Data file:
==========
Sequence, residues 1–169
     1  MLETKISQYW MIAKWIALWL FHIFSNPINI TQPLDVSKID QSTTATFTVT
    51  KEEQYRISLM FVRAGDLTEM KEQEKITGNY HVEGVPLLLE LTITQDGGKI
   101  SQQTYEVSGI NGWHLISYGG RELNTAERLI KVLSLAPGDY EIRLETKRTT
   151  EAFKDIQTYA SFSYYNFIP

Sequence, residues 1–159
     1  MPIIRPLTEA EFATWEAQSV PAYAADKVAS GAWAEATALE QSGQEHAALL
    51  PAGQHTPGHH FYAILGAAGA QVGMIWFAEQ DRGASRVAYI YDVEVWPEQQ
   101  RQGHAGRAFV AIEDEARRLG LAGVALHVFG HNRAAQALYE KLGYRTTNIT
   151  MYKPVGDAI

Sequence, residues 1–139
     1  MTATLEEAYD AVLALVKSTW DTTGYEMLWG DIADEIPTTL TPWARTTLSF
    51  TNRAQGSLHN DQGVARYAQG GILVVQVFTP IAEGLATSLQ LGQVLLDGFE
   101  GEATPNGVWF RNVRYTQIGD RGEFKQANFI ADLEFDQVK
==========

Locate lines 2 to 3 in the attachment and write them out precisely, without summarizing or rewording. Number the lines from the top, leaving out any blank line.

     1  MLETKISQYW MIAKWIALWL FHIFSNPINI TQPLDVSKID QSTTATFTVT
    51  KEEQYRISLM FVRAGDLTEM KEQEKITGNY HVEGVPLLLE LTITQDGGKI